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‘Unplugged weddings’ are evidence that marriage makes people crazy

TL;DR: People are stupid. 


EJ Dickson


Posted on Jul 1, 2014   Updated on May 31, 2021, 1:00 am CDT

You don’t exactly have to be Emily Post to know that it’s impolite to scroll through your Twitter or Facebook feed during a wedding. But apparently, this faux pas is so commonplace that soon-to-be brides and grooms are preemptively putting the kibosh on it by banning wedding guests from using social media during the ceremony. But are they instituting these bans because they want their loved ones to unplug from the hyper-connected world for a moment and bask in the glow of their marital joy?  Eh, not so much.

The “unplugged” wedding trend is largely inspired by the nuptials of celebrities like Kim Kardashian and Michael Jordan, who also instituted strict no-cell phone policy to prevent wedding photos from leaking to the press. The New York Daily News reports:

Before cell phones, all weddings were “unplugged” — but now 37% of brides surveyed by wedding website The Knot said they will consider formalizing the no-tech wedlock.

“They see it at celebrity weddings and people think, ‘I should feel like a celebrity on my wedding day,’” says Jamie Miles, editor of TheKnot.com. “So they feel comfortable asking for things celebrities ask for, because it’s their special day, too.”

Hear that, ladies? So even if you make about as much money as a part-time Wal-Mart forklifter and the only thing that comes up on Google when you search your name is that  time you placed third in a high school track meet, you have the right to be as demanding and awful as any pop diva or third-rate reality TV star, because it’s your damn special day.

The Daily News reports that couples are also opting for a no-cellphone policy to maintain the pretense of exclusivity, so people won’t log onto Facebook and see that any ol’ Joe-off-the-street—like, for instance, immediate family members—was invited to witness Your Special Day:

“(Many clients) want nothing to do with any kind of social media, anything that has to do with Facebooking, hashtagging,” says Manhattan wedding planner Ellen Kostman, founder of Sidekick Events. “They are celebrating with the chosen people that they’ve invited, and they’re not opening this up to the world.”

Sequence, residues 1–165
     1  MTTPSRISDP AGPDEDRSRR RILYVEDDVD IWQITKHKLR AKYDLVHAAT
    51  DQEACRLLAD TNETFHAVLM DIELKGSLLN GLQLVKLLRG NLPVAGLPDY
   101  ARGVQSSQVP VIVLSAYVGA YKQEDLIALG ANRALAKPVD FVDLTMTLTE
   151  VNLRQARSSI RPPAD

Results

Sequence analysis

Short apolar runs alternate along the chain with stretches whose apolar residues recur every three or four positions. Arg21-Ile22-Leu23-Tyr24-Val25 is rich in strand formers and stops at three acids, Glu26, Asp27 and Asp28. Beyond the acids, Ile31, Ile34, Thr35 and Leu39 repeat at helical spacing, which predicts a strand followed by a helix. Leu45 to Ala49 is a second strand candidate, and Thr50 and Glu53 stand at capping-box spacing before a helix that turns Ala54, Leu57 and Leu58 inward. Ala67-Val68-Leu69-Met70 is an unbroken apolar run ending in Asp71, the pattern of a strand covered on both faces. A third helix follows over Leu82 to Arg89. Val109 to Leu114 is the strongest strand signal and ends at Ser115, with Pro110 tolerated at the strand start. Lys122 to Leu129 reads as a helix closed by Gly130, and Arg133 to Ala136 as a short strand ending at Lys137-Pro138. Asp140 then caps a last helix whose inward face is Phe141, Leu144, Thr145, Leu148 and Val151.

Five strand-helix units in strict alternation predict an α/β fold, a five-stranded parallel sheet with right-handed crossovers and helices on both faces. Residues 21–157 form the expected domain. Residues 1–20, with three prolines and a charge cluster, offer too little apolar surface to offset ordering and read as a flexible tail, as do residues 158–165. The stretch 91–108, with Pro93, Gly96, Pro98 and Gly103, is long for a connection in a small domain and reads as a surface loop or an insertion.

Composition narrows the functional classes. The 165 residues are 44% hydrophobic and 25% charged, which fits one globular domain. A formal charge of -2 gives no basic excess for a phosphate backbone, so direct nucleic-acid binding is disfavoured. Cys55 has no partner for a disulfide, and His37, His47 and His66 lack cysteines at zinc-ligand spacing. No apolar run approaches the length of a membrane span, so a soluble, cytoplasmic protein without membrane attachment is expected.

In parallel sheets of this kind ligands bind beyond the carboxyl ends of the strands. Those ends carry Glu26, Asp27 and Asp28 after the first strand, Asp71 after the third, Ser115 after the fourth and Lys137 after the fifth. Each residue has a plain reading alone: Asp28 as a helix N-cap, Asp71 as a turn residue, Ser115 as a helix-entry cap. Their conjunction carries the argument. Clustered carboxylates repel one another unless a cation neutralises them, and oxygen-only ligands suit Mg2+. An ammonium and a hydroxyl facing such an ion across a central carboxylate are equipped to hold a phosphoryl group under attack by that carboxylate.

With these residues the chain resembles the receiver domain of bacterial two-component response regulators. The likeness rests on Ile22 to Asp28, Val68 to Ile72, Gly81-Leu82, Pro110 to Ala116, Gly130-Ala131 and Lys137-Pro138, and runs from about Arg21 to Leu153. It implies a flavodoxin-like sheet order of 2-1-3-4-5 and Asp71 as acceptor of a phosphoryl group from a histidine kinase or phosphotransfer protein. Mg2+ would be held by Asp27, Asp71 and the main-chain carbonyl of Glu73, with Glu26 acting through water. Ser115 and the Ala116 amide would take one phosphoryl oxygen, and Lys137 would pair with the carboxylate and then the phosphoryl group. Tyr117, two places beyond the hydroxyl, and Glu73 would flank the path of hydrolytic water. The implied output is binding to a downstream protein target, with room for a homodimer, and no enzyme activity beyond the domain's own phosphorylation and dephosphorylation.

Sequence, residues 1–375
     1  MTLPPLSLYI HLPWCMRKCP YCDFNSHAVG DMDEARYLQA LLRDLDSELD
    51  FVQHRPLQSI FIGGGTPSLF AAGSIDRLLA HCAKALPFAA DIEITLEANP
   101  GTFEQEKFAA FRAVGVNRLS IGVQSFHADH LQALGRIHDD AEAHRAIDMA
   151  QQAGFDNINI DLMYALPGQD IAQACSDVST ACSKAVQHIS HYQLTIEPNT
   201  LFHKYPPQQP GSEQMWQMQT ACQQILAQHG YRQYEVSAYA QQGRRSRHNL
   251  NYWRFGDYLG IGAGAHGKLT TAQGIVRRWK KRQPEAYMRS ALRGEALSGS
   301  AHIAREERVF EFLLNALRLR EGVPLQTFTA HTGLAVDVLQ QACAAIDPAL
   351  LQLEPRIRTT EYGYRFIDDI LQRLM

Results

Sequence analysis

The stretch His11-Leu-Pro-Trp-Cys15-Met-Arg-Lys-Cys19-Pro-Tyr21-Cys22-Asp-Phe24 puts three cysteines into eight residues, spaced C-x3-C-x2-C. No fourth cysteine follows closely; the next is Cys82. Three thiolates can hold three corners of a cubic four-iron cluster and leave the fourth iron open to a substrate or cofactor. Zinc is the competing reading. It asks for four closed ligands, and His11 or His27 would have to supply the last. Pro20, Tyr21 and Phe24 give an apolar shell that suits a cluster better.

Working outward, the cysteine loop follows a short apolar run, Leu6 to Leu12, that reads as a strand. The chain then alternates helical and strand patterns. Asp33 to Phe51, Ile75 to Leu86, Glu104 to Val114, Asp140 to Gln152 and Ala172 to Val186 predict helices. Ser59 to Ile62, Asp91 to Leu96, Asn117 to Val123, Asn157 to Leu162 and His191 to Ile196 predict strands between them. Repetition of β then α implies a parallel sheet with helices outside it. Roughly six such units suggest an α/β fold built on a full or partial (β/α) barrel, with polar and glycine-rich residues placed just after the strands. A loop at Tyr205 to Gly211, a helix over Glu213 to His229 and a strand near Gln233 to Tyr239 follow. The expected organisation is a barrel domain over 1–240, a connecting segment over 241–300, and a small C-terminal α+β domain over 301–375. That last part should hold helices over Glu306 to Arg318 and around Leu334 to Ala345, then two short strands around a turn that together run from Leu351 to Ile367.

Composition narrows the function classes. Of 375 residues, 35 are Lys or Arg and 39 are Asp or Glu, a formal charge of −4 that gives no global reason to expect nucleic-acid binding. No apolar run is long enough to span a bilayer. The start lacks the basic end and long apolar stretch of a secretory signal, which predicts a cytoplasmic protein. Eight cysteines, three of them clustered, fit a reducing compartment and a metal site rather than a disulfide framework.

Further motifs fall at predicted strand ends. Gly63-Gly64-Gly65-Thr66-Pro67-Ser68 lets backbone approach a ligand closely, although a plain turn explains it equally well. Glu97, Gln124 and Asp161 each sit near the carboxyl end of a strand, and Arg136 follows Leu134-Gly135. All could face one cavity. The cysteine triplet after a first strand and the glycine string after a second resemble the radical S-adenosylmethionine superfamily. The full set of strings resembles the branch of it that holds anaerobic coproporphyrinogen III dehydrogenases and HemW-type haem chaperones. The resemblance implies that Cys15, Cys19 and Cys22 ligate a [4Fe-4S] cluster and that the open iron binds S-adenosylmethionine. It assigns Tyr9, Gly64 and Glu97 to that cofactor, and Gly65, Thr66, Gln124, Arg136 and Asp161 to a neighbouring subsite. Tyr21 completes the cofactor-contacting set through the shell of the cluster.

This sort of reminds me of when my sister wasn’t allowed to have a bat mitzvah party because she kept demanding there’d be an exclusive VIP section for close friends and non-family members. (She was watching a lot of My Super Sweet Sixteen at the time.)

By far the most obnoxious thing about the “unplugged” wedding trend, however, is not that it feeds into high-maintenance, uber-controlling brides and grooms’ delusions of grandeur by letting them pretend to be third-rate reality TV celebs for a day. It’s that people are really, really scared that by allowing cellphones at their weddings, there’s a possibility that they might, for a brief, fleeting moment, take guests’ away attention from the main event—themselves:

Kimberly Burgess, 22, who wed in May, painted a chalkboard sign welcoming guests to her unplugged wedding, asking them to please put all electronic devices away. She also added a reminder in her program so she wouldn’t have to compete with Twitter for their attention.

“We wanted our guests to be present with us in this special moment in our lives, and to just put their phones and cameras down and enjoy it,” she said.

Guys: relaaaaaax. People are coming to your dumb wedding because they want to actually see you get married, not just so they can Instagram it or tweet about it on their smartphones. And if their attention wavers for a millisecond because they have to check their work email or text the babysitter to let them know they’re coming home a little late, then that’s not the end of the world. So while you’re planning your wedding, you would do well to heed the words of the immortal Lloyd Dobler:

H/T New York Daily News | Photo by Kelly Sue DeConnick/Flickr (CC BY SA 2.0)

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*First Published: Jul 1, 2014, 3:57 pm CDT